Africa needs an immediate emergency economic stimulus to the tune of 100 billion dollars, owing to the COVID-19 outbreak, the African Finance Ministers have said.
This is contained in a statement by Communication and Media Relations Department of the group, which was made available to News Agency of Nigeria (NAN).
It explained that it was part of decision of the African Finance Ministers who met on March 19, in a virtual conference to exchange ideas on the efforts of their respective governments in dealing with the social and economic impacts of COVID-19.
The ministers said as such, the waiver of all interest payments, estimated at 44 billion dollars for 2020, and the possible extension of the waiver to the medium term, would provide immediate fiscal space and liquidity to the Governments in their efforts to respond to the COVID-19 pandemic.
According to them, the interest payments waiver should include not only interest payments on public debt, but also on sovereign bonds.
The ministers agreed on the need to consider waiving principal and interest and encourage the use of existing facilities in the World Bank, International Monetary Fund (IMF), African Development Bank (AfDB) and other regional institutions for the fragile states.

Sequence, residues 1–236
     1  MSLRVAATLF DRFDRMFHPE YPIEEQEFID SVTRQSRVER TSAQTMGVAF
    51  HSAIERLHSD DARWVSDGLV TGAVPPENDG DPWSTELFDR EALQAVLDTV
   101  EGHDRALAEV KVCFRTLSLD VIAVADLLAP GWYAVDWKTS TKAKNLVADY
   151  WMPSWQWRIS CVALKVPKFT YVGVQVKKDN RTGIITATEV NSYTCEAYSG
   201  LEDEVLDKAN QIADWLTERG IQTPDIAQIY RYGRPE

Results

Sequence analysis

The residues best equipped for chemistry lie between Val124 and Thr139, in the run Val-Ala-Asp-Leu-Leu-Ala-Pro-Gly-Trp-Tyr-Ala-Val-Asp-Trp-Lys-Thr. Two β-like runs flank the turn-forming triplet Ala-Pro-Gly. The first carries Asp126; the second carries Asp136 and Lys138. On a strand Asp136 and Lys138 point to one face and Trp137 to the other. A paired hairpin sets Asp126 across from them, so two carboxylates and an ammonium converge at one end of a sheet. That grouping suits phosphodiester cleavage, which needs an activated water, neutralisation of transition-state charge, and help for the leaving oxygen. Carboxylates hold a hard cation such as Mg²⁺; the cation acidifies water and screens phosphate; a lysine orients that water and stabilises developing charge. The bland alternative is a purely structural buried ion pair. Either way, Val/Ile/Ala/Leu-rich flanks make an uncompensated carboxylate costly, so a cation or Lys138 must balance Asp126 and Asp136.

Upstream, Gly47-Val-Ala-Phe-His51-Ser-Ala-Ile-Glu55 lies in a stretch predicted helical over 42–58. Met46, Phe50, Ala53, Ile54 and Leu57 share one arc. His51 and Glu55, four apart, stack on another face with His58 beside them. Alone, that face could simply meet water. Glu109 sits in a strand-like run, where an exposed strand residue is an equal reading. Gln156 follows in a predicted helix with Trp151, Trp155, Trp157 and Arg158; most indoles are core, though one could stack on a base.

They underscored the need to support the private sector and protect about 30 million jobs at risk, particularly in the tourism and airline sectors across the continent.
In other critical sectors including agriculture, imports and exports, pharmaceuticals and in banking, the finance ministers agreed that all interest and principal payments on corporate debt, leases, extended credit facilities, refinancing schemes and guarantee facilities should be used to waive, restructure and provide additional liquidity in 2020.
They further said 1that a liquidity line should also be made available to the private sector to ensure the continuity of essential purchases and all SMEs that were dependent on trade could continue to function.
According to them, these measures, must accompany a policy of opening borders for trade and that Europe and the United States, in particular, can build this in as part of their stimulus to their private and financial systems.
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